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Aer Lingus taking legal action against SIPTU for losses

Owen Ryan

SHANNON Airport, as well as Dublin and Cork airports, narrowly avoided closing last week after the courts granted an injunction preventing industrial action by SIPTU members.

In the aftermath of that decision, Aer Lingus has announced it will be taking legal action against the trade union and its organiser, Dermot O’Loughlin, alleging that it lost millions due to the threat of strike.

A statement from the airline said, “SIPTU’s decision on March 12 to stand down its work stoppage planned for March 14 was too little too late. The damage had already been done. The decision came less than 36 hours before the stoppage was due to commence. The cloud of uncertainty created by the strike has damaged Aer Lingus business and disrupted thousands of our customers.

“The changes made to our flight schedule, to circumvent the planned strike, could not be undone at such short notice. Any further changes to the revised schedule would only have caused further inconvenience and confusion to our customers.

“Significant damage had been inflicted on our forward-booking profile and the costs of hiring in additional aircraft to re-accommodate customers had already been incurred and could not be avoided.

“This is yet another occasion where the trade union has cynically caused damage, threatening a strike, only to withdraw their strike notice at the last minute,” the statement said.

“We have consistently indicated to SIPTU that it was our intention to hold it liable for damages caused to our company. Therefore, we have now issued proceedings against the trade union, in the High Court, seeking recovery of the losses inflicted upon Aer Lingus.”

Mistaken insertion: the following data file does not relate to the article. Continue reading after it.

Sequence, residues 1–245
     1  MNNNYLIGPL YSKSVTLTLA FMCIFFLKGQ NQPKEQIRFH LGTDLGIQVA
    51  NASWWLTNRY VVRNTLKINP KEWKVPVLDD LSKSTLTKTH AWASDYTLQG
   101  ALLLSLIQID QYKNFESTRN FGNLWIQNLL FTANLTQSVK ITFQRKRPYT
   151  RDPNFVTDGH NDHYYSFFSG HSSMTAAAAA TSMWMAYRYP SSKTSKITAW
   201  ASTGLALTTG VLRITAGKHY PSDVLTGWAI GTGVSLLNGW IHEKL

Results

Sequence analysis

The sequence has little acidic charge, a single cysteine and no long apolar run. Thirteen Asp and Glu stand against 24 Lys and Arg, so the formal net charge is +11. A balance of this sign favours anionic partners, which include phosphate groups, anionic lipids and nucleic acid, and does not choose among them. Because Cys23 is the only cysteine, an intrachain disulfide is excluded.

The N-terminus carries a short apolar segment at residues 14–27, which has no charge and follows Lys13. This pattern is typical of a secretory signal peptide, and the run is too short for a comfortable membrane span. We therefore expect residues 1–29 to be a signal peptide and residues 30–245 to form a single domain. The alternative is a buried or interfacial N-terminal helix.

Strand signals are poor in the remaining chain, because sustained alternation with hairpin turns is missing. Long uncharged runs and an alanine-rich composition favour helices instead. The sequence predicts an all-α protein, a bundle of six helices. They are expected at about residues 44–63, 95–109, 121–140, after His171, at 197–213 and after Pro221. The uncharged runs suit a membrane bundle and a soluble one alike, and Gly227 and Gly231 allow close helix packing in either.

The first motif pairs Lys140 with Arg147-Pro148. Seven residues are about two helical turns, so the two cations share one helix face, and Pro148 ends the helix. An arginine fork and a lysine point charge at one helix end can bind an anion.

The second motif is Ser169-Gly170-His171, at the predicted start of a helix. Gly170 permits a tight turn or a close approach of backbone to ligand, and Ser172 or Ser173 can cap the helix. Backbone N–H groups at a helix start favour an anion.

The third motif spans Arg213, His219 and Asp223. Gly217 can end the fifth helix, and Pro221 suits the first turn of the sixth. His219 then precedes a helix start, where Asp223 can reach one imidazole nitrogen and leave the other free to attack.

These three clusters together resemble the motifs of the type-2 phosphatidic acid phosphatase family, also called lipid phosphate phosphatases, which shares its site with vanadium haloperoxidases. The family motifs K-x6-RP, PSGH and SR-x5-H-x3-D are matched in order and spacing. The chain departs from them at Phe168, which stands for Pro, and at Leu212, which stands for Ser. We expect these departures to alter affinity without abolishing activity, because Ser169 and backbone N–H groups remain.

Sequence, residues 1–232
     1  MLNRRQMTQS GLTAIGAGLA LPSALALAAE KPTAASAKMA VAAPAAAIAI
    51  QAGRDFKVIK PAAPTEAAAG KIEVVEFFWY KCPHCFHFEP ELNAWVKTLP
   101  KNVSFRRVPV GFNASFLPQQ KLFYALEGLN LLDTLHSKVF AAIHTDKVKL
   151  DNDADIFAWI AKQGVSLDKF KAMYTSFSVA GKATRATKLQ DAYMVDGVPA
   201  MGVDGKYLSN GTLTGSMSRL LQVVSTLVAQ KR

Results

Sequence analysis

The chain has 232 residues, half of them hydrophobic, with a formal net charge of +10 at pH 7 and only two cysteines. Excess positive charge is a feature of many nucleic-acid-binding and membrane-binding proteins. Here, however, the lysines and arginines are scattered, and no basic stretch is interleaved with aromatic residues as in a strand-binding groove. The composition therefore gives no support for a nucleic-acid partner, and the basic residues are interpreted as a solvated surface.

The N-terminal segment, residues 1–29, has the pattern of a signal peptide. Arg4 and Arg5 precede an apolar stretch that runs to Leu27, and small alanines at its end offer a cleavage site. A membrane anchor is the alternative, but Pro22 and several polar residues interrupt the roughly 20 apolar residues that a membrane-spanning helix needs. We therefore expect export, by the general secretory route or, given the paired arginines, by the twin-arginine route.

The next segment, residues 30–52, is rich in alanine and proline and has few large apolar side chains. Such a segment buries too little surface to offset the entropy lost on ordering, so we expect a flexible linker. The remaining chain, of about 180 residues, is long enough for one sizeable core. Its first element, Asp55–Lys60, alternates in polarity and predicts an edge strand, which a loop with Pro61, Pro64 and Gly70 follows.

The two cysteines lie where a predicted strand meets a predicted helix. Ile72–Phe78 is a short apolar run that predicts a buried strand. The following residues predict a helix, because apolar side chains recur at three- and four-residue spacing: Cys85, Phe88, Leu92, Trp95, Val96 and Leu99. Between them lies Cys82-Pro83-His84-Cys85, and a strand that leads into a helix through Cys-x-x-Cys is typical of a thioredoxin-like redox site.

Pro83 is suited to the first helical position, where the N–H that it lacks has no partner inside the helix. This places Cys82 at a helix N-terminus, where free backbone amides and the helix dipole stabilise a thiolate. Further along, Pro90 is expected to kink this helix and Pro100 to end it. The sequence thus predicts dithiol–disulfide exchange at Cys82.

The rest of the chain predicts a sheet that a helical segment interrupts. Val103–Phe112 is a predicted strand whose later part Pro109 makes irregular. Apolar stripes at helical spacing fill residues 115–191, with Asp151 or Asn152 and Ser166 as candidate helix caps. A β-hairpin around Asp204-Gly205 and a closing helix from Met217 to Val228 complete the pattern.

In the summons documentation, the airline claims that SIPTU did not comply with Section 14 of the Industrial Relations Act of 1990. This section related to how ballots on industrial action are conducted.

It also claims that “notification of the proposed industrial action was wrongful and unlawful”, while it is also claiming that a 2010 agreement was breached and that no valid trade dispute existed.

After receiving a plenary summons, SIPTU said it would fight the Aer Lingus claim.

“We will be consulting with our legal advisers over the next number of days and we will be vigorously resisting this action in the courts,” SIPTU said.

Speaking to The Clare Champion earlier this month, SIPTU organiser, Dermot O’Loughlin, said there was huge determination among the workers at Shannon to resist cuts to their pensions.

While there is a deficit of around Ђ780 million in the Irish Aviation Superannuation Scheme, he said that a combined injection of around Ђ240 million from Aer Lingus and the Dublin Airport Authority would probably be enough to resolve the matter.

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